2>I am then also entitled to get a refund from HMRC of a further how much ? I don't know how to calculate that but is it something like ?

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£15828 - £5250 = £10578?

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I am fairly new to this and could really use this community's help , thanks in advance. Any input would be appreciated.

• What's the current tax code on your payslips? Commented Feb 28, 2022 at 18:16
• Part of your question talks about paying into SIPP – you should also check out this answer: money.stackexchange.com/questions/109341/… (When is paying into a pension bad tax planning?) Also if you are interested in investing with tax relief and should SIPP not be appropriate, there is 30% tax relief available on VCT investments, and up to 50% for much higher risk schemes like SEIS Commented Mar 1, 2022 at 11:33
• @GS-ApologisetoMonica my current tax is code is K135X but its based on an estimate how much I may earn and doesn't mean much in this context AFAIK. Commented Mar 1, 2022 at 17:10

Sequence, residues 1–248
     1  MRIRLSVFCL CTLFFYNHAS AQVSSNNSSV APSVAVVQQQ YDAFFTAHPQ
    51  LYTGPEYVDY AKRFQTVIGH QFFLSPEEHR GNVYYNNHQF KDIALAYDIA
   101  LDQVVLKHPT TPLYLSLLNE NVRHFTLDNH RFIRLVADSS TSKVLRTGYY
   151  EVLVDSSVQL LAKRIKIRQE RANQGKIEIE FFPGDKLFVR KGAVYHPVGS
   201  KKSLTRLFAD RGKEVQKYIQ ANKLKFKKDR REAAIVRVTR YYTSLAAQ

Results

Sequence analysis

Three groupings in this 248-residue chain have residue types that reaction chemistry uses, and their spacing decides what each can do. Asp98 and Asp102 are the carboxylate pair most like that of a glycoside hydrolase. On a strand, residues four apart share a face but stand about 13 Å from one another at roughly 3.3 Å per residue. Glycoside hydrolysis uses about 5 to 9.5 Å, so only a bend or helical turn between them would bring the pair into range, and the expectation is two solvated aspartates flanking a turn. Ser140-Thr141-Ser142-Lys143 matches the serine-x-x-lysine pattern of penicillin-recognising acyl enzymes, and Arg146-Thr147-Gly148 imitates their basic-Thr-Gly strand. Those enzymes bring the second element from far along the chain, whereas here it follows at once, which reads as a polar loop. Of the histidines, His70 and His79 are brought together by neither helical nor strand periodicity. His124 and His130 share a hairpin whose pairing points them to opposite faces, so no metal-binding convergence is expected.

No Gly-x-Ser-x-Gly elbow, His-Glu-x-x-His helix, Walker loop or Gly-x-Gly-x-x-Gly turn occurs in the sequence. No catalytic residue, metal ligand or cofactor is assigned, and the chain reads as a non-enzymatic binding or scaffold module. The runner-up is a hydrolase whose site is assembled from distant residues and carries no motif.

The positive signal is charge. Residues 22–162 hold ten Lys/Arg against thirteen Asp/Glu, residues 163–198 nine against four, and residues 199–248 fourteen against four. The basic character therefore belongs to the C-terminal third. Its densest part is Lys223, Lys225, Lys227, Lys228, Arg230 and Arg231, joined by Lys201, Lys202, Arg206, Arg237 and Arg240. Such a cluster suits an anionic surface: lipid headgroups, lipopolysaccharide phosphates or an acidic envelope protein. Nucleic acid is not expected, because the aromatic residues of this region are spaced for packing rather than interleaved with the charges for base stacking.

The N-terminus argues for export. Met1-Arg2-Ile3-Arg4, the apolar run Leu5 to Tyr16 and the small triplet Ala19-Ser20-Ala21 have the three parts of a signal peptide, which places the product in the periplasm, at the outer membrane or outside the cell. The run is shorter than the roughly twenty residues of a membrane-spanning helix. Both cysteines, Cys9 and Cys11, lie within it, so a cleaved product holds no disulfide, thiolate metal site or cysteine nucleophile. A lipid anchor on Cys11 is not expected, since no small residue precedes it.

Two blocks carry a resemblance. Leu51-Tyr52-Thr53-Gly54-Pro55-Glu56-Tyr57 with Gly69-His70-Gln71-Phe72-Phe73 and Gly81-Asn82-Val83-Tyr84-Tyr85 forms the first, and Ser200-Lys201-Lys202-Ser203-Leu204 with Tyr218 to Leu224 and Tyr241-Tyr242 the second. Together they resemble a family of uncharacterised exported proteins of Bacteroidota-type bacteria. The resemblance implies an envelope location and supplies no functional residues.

• Thanks @marktristan I will have a look ! Commented Mar 1, 2022 at 17:13
• @RoundPI agreed it's based on an estimate, but it might give some indication of other factors that will affect your final tax bill. A more precise question: what other things do you have affecting your taxable income, like benefits, other income (interest/dividends), and tax-deductible expenses like gift aid? Commented Mar 1, 2022 at 18:08

To get this exactly right, you need to project your full taxable income at the end of the tax year - i.e. what you'll have to put on your self-assessment tax return. You'll definitely have to fill one in even if you haven't before, as you earn over £100K.